Bowing to criticism from families and advocates, the Patrick administration has promulgated new, final regulations that will loosen its restrictive definition of “intellectual disability” in determining people’s eligibility for services.
It appears that under the new regulations, the Department of Developmental Services will no longer automatically deny services to anyone who scores above a 70 on an IQ test.
The new DDS regulations refer to the American Association on Intellectual and Developmental Disabilities (AAIDD), which defines intellectual disability as involving “significant limitations both in intellectual functioning and in adaptive behavior.” The AAIDD also states that a limitation in intellectual functioning can be indicated by an IQ score as high as 75.
Meanwhile, the state Legislature has enacted a bill (H. 4252), which would similarly adopt the AAIDD definition of intellectual disability in Massachusetts. The bill, filed by Representative Dan Winslow, was on the governor’s desk as of today, awaiting his signature. COFAR is asking people to call the governor’s office to urge that the governor sign the bill into law.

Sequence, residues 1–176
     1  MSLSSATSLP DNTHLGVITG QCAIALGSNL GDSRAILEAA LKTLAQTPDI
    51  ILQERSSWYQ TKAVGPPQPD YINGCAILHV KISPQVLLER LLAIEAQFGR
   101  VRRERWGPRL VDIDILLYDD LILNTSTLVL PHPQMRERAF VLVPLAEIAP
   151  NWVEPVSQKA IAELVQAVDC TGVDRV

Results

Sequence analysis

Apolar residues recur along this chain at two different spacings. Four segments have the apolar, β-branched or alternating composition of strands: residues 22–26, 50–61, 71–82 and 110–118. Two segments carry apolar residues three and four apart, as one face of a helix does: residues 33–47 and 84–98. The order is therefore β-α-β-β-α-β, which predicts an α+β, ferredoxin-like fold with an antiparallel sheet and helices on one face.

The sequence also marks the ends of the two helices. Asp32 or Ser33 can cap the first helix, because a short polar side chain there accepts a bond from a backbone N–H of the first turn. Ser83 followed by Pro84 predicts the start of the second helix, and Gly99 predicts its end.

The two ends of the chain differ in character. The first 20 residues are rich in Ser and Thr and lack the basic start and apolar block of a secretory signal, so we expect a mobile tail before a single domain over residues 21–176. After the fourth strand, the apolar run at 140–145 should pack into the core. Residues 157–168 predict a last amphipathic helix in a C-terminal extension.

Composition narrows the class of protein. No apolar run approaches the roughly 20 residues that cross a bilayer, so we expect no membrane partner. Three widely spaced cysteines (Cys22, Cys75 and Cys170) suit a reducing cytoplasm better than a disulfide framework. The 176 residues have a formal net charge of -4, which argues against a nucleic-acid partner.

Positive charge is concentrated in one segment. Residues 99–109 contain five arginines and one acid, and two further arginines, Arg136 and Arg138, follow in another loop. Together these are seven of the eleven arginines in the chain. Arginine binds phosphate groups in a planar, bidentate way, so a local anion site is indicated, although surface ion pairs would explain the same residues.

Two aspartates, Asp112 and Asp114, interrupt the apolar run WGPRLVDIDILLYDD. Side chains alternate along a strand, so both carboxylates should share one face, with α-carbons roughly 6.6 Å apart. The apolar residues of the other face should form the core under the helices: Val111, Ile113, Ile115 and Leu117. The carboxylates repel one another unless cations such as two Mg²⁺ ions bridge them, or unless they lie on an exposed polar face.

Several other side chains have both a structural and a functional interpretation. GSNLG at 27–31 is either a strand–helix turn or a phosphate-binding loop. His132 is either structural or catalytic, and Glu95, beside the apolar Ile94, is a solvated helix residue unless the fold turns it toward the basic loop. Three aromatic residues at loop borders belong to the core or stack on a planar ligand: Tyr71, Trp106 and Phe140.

In 2006, DDS adopted regulations restricting eligibility for services to people scoring 70 or below on an IQ test. This led to the denial of benefits to an undetermined number of people and to a lawsuit filed on behalf of a woman who had had scored 71 on an IQ test at age 18, 69 at age 40, and 71 at age 42. The woman, who was subsequently denied services by DDS, was represented in the case by Thomas Frain, who is also president of COFAR.
In July, the Massachusetts Court of Appeals ruled in the case that the DDS’s 2006 regulations were invalid in defining intellectual disability without referring to a “clinical authority.”
DDS initially responded to the Appeals Court ruling by proposing emergency regulations in September that named the Department itself as a “clinical authority” in determining the presence of an intellectual disability. But that led to a chorus of objections from advocacy organizations, including COFAR, and family members of intellectually disabled people.
In the final regulations, DDS has withdrawn the designation of itself as a clinical authority. However, questions remain as to how much weight DDS will place on factors other than IQ in determining eligibility for services. The Disability Law Center, a federally funded public interest law firm, is also concerned that in basing eligibility for services solely on intellectual disability, Massachusetts is failing to serve many people with other types of developmental disabilities, including many people with autism.
That concern was reflected in the testimony of dozens of people at a DDS hearing in November that members of their families with severe disabilities were falling through the cracks in the system and failing to get services from the Department.
The final DDS regulations nevertheless appear to be a step in the right direction. It’s also important, as has been discussed here on BMG, that the language in the regulations be enshrined into law — hence the importance of Rep. Winslow’s bill.